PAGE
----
I never really understood birdwatching. There are plenty of birds out there, and it never really struck me that there was anything special to seeing one in particular. It’s there, you see it, it’s gone, and that’s apparently a successful outing.
However, birds have cropped up as a point of interest recently for a few reasons.
First, we received a hummingbird feeder as a gift last year, and we positioned it for easy viewing from our window. I thought it would require long stretches of watching, but hummingbirds come quite frequently. In the evening, we usually don’t have to wait for more than a few minutes.
Second, I’m trying to do my little bit for nature to support native wildlife and plants. David Attenborough says that biodiversity is important, and in the face of California droughts and the climate crisis in general, I hope that we can contribute to the ecosystem. That includes plants, insects, birds, and more.
Third and probably most importantly, my daughter loves birds. She gets excited to point them out, so I’m always looking for birds to point them out. And it’s embarrassing that I don’t know enough bird species to actually name many birds as more than just “bird.”
I solved that problem like most problems these days: I used my phone.
I found a few apps to help with identifying birds, so whenever I see a bird, I pull out my phone and use a variety fo methods to identify it.
The most obvious way is to take pictures. iNaturalist can take a picture of plants and animals and try to identify it. Honestly, it sounds like magic to me, but it does a surprisingly good job, especially given the quality of many of my pictures.
However, sometimes even that is too difficult. Often, I’m too slow to snap a photo. When I do, the photo is often blurry, or the bird is too small in the picture to clearly make out.
Instead, I have also tried Merlin Bird ID. It also does photos, but it can also identify birds using a short questionnaire or recordings of their songs.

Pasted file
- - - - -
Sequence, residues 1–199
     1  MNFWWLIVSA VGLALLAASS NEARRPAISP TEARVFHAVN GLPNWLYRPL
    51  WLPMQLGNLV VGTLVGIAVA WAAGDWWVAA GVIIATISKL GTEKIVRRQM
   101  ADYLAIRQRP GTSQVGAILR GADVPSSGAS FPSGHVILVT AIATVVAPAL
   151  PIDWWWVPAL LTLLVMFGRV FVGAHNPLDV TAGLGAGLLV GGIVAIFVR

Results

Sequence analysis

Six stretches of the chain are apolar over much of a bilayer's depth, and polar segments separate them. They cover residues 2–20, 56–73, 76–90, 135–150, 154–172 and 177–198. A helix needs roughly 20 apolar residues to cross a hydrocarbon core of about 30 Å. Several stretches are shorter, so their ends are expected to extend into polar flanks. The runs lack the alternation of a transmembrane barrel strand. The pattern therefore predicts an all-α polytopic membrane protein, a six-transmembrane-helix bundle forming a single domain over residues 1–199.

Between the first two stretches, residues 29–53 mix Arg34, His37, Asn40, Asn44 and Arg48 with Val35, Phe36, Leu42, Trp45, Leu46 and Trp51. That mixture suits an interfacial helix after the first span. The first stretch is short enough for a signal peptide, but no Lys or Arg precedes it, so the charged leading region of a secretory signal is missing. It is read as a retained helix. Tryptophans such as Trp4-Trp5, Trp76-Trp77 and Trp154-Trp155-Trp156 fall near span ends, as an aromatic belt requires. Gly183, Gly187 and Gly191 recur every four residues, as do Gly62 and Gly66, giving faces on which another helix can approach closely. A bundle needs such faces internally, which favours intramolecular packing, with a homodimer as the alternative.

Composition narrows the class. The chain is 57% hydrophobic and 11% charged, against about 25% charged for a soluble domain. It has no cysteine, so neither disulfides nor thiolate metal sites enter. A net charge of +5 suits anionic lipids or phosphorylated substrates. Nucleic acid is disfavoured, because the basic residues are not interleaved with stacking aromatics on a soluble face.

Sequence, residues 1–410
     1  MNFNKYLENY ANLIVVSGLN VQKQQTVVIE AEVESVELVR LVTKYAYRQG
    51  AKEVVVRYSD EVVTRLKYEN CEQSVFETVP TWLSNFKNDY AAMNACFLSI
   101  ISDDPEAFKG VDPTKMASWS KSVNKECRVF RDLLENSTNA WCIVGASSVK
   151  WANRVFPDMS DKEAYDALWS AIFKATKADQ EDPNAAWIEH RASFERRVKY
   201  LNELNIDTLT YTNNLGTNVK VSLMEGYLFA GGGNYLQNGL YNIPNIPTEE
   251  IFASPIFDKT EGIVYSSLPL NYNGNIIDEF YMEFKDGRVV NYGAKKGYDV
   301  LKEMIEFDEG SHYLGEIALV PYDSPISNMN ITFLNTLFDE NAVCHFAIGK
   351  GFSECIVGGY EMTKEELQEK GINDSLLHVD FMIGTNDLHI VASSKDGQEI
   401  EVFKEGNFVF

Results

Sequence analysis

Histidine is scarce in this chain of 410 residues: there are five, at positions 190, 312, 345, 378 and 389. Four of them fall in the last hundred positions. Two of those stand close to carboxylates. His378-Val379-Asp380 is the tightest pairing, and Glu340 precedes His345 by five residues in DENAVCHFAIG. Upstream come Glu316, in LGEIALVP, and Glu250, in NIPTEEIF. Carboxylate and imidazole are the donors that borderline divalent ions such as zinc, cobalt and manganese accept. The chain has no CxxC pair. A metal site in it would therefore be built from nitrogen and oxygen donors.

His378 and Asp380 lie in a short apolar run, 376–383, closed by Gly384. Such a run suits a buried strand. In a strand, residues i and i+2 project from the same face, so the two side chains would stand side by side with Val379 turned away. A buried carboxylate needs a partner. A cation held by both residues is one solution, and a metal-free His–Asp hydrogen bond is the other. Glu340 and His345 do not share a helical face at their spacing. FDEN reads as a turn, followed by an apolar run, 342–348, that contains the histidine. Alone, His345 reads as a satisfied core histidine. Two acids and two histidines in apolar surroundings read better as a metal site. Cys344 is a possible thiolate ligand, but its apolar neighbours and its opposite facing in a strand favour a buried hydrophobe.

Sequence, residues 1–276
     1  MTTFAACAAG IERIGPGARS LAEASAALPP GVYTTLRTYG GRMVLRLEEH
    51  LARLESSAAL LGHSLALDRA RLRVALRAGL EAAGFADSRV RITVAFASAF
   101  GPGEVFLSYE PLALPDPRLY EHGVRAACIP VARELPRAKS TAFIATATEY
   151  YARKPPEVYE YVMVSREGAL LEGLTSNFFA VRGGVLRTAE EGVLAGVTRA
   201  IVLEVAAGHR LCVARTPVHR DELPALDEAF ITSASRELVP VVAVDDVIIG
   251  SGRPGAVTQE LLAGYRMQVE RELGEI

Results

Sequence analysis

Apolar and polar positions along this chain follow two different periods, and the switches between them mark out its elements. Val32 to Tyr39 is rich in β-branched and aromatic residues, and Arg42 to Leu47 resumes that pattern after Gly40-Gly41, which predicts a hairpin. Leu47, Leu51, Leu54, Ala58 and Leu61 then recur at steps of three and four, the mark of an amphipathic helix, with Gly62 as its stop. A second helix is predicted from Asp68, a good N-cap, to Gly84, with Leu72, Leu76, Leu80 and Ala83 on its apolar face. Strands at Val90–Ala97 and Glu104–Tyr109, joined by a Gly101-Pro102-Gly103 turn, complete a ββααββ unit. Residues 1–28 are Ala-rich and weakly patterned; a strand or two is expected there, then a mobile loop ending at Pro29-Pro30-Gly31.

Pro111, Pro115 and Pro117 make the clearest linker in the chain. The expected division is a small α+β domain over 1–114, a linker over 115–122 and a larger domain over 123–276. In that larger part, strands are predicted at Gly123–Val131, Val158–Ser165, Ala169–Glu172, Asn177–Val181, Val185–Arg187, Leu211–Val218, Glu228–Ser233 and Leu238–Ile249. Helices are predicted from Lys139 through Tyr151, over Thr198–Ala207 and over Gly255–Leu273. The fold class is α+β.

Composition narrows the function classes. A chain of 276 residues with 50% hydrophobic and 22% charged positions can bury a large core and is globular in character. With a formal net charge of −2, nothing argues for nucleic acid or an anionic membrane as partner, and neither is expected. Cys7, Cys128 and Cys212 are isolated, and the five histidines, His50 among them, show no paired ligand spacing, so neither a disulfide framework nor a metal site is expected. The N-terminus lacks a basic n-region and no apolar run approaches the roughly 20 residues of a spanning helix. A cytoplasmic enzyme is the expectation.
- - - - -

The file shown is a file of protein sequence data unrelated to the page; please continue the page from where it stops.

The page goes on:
However, I have found myself mostly using Seek by iNaturalist. It presumably is the same identification technology behind iNaturalist, but it puts a spin on the experience. I’m not just identifying and amassing sightings: I’m collecting bird sightings with quests and badges. It’s encouraging to see that I can go to different parks and hikes to find different birds.
And then it struck me: I’m wandering around the world to find semi-random sightings and capture (photos of) birds.
Birdwatching is the original Pokemon Go.
I actually never played Pokemon Go, but I certainly had friends who did. I went on walks just to as a way of playing. It was extra exercise and time outside for a shot to add something to my collection.
I did play Harry Potter Wizards Unite, though I think that one is less like birdwatching.
There’s also a nice community around both. I could pick out when there was a Pokemon Go event when a group of people were standing together in a park swiping on their phones. I can pick out birdwatchers by the binoculars.
With my photography skills, I really only get decent photos of stationary birds. However, pelicans and geese don’t move very quickly.
My style of birdwatching and collecting is quite slow, but it actually works quite well for me. If I saw or learned about birds any faster, I probably would get confused in trying to learn all of them. However, because each bird sighting is its entire own event, I have a story to associate with each bird.